Living with and caring for my 91-year-old father is a privilege, a learning experience, an opportunity, and a challenge. A middle-of-the-pack baby boomer, I clearly recall a childhood in which few women worked outside the home. Homemaking and childcare combined were full time responsibilities. Several families had a grandparent living with them after the death of a spouse. It wasn’t until the end of the Vietnam War that most women entered the workforce, thereby increasing  the demand for housekeepers, childcare providers, and homes for the aged. 

Because we Boomers were there during the seismic shift from stay-at-home mom to corporate partner, we like to think the improvements in childcare and elder care are partly due to our intervention. Childcare providers must be certified. Assisted living facilities smell clean, are well lit, and serve fresh fruit every day. The pandemic upended the complacency: Lockdowns forced parents to provide 24/7 childcare while trying to navigate online learning platforms.  For over a year, visiting our elders in care facilities was forbidden.  Millions of Boomers are traumatized by the guilt inherent in placing our elders in care facilities, compounded by being unable to see or comfort them as they languished, and too many passed to the mystery alone.

Yes, yes, yes.  I am grateful every day for the privilege of assisting Dad as his life journey winds down.  Slow and deliberate in his gait, falls are a risk.  His mind is sharp: ready to advise NASCAR drivers, boxers, football coaches, Jeopardy contestants, and politicians, to name a few.  A few months ago, he decided to quit driving.  For most 91 year olds, this decision would be a gift to everyone on the highway.  But Dad is an excellent driver.  He obeys the rules of the road and he anticipates dozens of variables simultaneously. Since I took over the driving, my inadequacies as a motor vehicle operator are in stark relief, inspiration for a running monologue from the patriarch.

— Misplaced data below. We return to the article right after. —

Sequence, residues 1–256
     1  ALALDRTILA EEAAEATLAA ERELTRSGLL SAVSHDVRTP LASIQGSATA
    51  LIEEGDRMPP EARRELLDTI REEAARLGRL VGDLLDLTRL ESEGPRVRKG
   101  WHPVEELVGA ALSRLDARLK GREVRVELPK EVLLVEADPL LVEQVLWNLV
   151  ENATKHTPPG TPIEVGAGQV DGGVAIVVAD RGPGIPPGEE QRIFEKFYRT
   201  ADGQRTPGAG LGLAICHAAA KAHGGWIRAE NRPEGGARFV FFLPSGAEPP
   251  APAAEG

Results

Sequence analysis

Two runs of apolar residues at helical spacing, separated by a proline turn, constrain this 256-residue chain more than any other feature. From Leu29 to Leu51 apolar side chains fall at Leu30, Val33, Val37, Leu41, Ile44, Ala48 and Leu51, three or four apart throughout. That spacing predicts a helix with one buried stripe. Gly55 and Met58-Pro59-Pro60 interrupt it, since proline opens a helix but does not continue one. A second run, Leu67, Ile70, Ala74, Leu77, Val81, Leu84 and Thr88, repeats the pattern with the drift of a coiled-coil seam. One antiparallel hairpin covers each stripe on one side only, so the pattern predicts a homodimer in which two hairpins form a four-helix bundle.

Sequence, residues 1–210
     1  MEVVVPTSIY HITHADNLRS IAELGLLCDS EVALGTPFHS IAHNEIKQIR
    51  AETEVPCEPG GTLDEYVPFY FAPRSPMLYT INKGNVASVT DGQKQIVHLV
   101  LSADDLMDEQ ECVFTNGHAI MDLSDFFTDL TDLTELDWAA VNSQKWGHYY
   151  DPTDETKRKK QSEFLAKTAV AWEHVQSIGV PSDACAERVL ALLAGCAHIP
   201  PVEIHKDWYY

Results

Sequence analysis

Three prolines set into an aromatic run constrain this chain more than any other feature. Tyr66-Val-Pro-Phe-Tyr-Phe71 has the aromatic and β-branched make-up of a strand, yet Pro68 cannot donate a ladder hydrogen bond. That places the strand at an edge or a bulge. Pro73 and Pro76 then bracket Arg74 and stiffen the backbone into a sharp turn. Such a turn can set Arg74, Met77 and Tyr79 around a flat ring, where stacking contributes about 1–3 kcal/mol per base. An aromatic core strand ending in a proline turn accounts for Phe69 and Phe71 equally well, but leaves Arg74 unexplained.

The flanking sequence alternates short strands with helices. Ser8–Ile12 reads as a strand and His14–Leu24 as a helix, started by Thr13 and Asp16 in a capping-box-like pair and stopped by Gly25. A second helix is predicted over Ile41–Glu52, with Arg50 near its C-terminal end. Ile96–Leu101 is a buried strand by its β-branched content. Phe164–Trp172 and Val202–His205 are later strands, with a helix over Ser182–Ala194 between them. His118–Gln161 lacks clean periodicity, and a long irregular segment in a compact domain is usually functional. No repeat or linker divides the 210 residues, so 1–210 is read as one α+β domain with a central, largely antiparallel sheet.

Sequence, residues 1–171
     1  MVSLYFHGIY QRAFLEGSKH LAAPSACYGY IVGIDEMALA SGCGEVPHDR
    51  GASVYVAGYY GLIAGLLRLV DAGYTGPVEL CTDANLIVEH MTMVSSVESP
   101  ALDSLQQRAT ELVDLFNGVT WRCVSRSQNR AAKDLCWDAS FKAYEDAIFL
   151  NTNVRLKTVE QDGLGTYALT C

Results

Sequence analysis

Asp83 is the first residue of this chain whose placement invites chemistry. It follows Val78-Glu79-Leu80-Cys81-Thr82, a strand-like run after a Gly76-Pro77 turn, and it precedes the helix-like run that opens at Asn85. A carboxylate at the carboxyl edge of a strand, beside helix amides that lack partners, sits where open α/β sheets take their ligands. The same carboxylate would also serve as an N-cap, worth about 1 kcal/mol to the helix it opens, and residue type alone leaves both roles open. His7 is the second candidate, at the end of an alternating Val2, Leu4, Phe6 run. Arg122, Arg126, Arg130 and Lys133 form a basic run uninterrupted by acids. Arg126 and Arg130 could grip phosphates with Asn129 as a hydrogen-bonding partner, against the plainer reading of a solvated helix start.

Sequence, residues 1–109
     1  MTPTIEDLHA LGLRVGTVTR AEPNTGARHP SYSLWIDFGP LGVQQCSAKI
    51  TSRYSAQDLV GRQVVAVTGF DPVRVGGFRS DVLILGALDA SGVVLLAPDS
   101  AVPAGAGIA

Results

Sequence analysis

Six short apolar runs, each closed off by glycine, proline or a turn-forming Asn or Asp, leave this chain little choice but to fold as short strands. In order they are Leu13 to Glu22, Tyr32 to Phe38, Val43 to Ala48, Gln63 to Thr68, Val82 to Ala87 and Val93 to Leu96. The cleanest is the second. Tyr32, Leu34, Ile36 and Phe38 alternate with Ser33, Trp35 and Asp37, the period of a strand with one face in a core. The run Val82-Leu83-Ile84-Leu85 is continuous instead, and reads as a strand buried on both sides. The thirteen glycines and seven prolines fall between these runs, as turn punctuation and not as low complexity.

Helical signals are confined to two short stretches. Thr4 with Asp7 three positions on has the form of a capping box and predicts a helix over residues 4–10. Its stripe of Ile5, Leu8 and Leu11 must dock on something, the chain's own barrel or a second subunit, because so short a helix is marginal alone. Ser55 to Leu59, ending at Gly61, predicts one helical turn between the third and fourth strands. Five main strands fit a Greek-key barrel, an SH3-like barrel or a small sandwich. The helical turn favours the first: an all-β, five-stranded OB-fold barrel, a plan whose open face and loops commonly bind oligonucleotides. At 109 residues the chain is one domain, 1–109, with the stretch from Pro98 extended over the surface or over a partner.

No. (Despite my best efforts) I have not turned Dad into a tea drinker.  Every morning, he looks at my little mound of moist tea leaves and raises an eyebrow as if to ask, “You consumed this?” (The eyebrow somehow manages to pass negative judgment in the same instant, bringing out the defender in me.) So I was not totally surprised when Dad compared those spent leaves unfavorably.

The Clogged Drain

The drain in Dad’s bathroom was sluggish for a few days, followed by emptying s-l-o-w-l-y over several minutes, followed by several hours.  I tried the baking soda and white vinegar method of drain cleaning. Results were not dramatic, so tools were obtained and that piece of plastic pipe that looks like a U was removed.  

“Rinse that out,” the patriarch ordered.  Stupidly, I went to the kitchen sink, turned the water pressure up, and poked the spigot into the piece of pipe.  After a bit of backwash, a large rubbery plug came shooting out of the pipe.

“Whoa,” I was shocked.  It was black and slightly glossy.  Using vinyl gloves, I carefully placed the plug of stuff on a paper towel and carried it into the bathroom with the clean piece of pipe.  “What IS this?” 

Dad’s eyebrow flew up, “It looks just like those tea leaves you put in the compost every morning,” he grinned mischievously. “But it is mostly denture adhesive I use for the partial.” Not going to lie, readers, his tea simile made me a little nauseous – and defensive.  

One of the photographs below is of my beloved Assam. The other is of Dad’s collection of drain-stopping denture adhesive. Can you tell which is which?

Never a dull moment in this Life With Father.

Damp tea leaves on a paper towel.
Damp solidified dental adhesive on a paper towel.